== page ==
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“Above all liberties”

March 14th, 2014 Jill Posted in Freedom Of Speech Comments Off

By David van Gend, MercatorNet

Free speech is at the heart of a self-governing society.

Four hundred years ago the poet John Milton appealed to the British Parliament not to enact laws that would prohibit the publication of certain opinions. Milton’s address ended with the declaration: “Give me the liberty to argue freely according to conscience, above all liberties”.
Free speech, meaning free argument, is at the heart of a self-governing society. It should not be a partisan issue. As the greatest free-speech warrior of the West, Canadian journalist Mark Steyn, has said: “Free speech is not a left-right thing; it is a free-unfree thing”.
And yet the liberty to argue freely according to conscience is being constricted throughout the developed world in the name of a new and bogus “right not to be offended”. Steyn speaks from experience:

In Canada, I committed the crime of “offending” certain approved identity groups. And there is no defense to that: truth, facts, evidence are all irrelevant. If someone’s “offended”, that’s that: You’re guilty.

Thanks to Steyn’s magnificent push-back against the Canadian “human rights” establishment, the Canadian Parliament has now repealed the vilification law under which he was harassed.
In Australia that remains unfinished business. The federal government is committed to amending, but not repealing, our equivalent law under which journalist Andrew Bolt was convicted of offending another approved identity group. The question facing our redoubtable Attorney-General, Senator George Brandis, is whether we can be half-pregnant on free speech. If section 18C of the Racial Discrimination Act 1975 is amended so that it no longer allows legal action where somebody feels offended or insulted, that is fine. But if it still allows legal action where somebody feels humiliated or intimidated, nothing has been gained. The Aboriginal activists who felt offended by Andrew Bolt’s articles under the old 18C could just as well say they felt humiliated by his articles under the amended 18C, and off they go again to court.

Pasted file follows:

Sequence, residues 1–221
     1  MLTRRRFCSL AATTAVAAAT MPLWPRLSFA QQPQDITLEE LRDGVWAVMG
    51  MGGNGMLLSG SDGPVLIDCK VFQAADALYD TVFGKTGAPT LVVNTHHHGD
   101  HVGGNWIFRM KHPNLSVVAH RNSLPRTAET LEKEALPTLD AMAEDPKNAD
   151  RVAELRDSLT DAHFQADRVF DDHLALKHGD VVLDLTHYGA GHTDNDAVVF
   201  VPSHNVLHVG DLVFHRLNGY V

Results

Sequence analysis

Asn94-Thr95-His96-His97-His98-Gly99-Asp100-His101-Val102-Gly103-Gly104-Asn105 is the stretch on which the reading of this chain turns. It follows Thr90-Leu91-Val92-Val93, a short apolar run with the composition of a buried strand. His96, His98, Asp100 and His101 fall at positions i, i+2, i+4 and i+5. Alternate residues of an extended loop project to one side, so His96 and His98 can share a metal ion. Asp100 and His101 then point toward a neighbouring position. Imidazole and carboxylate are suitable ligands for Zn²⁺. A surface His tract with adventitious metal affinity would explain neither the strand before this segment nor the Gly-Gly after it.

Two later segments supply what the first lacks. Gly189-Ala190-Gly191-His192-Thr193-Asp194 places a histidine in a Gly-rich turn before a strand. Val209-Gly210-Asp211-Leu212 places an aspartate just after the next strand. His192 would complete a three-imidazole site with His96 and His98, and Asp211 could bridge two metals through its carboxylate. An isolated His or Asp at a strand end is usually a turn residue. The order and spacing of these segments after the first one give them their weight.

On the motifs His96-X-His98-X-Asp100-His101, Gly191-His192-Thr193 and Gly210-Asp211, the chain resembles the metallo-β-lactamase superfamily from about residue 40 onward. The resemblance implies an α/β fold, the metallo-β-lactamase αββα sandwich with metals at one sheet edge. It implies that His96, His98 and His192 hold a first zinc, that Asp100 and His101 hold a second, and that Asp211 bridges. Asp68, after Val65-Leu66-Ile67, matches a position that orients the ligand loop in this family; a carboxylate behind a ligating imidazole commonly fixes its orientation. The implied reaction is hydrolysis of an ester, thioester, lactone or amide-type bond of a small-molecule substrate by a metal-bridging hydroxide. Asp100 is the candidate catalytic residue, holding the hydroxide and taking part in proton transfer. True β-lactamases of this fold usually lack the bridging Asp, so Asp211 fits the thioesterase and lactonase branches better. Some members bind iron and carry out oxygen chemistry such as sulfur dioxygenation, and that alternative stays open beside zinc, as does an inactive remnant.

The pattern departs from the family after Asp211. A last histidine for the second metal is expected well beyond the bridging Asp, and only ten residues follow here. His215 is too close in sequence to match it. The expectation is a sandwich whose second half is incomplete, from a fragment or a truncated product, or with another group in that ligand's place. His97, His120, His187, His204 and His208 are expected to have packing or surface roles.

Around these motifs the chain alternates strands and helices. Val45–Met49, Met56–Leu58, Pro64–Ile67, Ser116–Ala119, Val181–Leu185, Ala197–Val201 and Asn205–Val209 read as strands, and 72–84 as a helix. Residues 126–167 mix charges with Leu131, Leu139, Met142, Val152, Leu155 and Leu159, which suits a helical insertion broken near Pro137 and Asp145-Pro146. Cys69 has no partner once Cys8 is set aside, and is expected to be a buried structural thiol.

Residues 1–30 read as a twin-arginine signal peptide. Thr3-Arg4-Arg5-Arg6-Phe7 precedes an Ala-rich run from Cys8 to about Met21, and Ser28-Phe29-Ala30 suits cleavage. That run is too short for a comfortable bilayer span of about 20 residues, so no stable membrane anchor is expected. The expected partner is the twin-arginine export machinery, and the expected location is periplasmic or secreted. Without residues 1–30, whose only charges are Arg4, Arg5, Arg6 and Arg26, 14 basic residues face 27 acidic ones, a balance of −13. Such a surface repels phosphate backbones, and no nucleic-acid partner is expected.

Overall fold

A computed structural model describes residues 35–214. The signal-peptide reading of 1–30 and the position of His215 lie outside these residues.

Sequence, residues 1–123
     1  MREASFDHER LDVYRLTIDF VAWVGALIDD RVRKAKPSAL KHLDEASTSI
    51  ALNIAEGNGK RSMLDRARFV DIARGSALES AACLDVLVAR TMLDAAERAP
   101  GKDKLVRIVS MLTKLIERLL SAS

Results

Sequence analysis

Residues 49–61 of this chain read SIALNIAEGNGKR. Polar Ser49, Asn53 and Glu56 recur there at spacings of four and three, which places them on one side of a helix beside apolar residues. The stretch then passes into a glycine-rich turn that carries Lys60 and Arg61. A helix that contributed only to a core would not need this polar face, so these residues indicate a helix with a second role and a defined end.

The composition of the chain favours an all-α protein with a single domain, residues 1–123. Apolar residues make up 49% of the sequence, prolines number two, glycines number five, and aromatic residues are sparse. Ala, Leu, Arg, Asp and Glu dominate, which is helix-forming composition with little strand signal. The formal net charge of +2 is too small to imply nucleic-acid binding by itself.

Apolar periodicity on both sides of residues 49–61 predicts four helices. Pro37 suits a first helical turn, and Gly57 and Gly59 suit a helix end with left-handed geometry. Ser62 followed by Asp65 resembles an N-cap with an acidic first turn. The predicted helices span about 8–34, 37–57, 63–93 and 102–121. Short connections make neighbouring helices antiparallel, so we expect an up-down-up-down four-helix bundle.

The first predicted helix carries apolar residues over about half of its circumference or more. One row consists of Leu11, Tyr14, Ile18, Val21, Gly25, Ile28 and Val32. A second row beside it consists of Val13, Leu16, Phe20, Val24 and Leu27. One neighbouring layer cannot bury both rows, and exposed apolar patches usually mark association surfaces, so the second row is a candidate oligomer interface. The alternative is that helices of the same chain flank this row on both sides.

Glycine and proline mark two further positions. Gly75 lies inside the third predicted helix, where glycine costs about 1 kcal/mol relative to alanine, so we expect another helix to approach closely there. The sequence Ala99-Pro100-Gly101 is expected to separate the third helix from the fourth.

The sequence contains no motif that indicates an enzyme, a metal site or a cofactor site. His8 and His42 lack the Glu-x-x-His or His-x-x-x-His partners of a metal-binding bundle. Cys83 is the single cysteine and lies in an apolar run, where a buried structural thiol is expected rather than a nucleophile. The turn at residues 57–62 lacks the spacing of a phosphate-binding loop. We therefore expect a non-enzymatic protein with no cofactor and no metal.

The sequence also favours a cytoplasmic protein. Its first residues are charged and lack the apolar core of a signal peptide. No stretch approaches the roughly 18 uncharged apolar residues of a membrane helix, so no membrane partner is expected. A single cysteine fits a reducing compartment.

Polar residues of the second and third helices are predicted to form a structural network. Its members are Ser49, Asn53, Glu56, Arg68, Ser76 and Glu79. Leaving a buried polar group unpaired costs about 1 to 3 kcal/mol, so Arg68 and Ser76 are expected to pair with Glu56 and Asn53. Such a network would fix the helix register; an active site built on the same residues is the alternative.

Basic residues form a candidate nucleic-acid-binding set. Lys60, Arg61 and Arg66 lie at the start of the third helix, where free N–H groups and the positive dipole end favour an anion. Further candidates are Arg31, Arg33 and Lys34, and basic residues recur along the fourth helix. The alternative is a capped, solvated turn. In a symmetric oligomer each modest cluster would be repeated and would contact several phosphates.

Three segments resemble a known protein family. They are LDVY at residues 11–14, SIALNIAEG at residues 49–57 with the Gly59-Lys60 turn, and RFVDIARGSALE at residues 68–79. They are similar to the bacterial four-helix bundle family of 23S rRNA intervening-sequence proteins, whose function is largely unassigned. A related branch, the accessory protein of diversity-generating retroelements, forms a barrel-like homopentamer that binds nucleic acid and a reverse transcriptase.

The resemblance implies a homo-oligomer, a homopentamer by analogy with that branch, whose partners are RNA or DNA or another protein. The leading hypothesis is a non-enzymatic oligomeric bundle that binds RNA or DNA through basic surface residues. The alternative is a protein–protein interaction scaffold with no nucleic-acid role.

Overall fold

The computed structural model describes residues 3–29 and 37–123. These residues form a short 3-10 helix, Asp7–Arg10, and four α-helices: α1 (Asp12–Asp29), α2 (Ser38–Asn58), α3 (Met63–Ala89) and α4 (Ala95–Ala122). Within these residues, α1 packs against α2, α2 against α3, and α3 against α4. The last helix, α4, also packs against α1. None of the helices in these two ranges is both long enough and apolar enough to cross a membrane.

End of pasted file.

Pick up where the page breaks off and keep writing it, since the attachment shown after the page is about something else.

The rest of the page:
Read here
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Gay marriage: a case study in conformism

March 2nd, 2014 Jill Posted in Freedom Of Speech, Gay Activism, Religious Liberty Comments Off

By Brendan O'Neill, Spiked

Anyone who values diversity of thought and tolerance of dissent should find the sweeping consensus on gay marriage terrifying.

I have been doing or writing about political stuff for 20 years, since I was 18 years old, during which time I have got behind some pretty unpopular campaigns and kicked against some stifling consensuses. But I have never encountered an issue like gay marriage, an issue in which the space for dissent has shrunk so rapidly, and in which the consensus is not only stifling but choking. This is the only issue on which, for criticising it from a liberal, secular perspective, I’ve been booed during an after-dinner speech and received death threats (‘If you’re dead, you can’t talk shit about gay marriage’). It’s the only issue on which both hard right-wingers and the wettest leftists have told me to STFU. It’s the only issue on which even friends have said, ‘Stop writing about it. It isn’t worth it.’

Many are commenting on the juggernaut-like rise to respectability of the gay marriage issue. Christopher Caldwell of the Weekly Standard says gay marriage has gone ‘from joke to dogma’ in a decade. Time magazine says there has been a ‘seismic social shift’ on gay marriage, which has been ‘as rapid and unpredictable as any turn in public opinion [in history]’. Another gay-marriage supporter says ‘the pace and scale at which acceptance of marriage equality has shifted is breathtaking’, which he puts down to the efforts of the warriors for ‘marriage equality’. There has been a ‘sea change’ in attitudes, commentators tell us, especially in political circles, where everyone who’s anyone (or who wants to be) now genuflects at the gay-marriage altar. Even Bill O’Reilly of Fox News, scourge of liberals everywhere, now accepts the idea of gay marriage, leading one observer to tell gay-marriage proponents: ‘Lay down your guns… the enemy has surrendered.’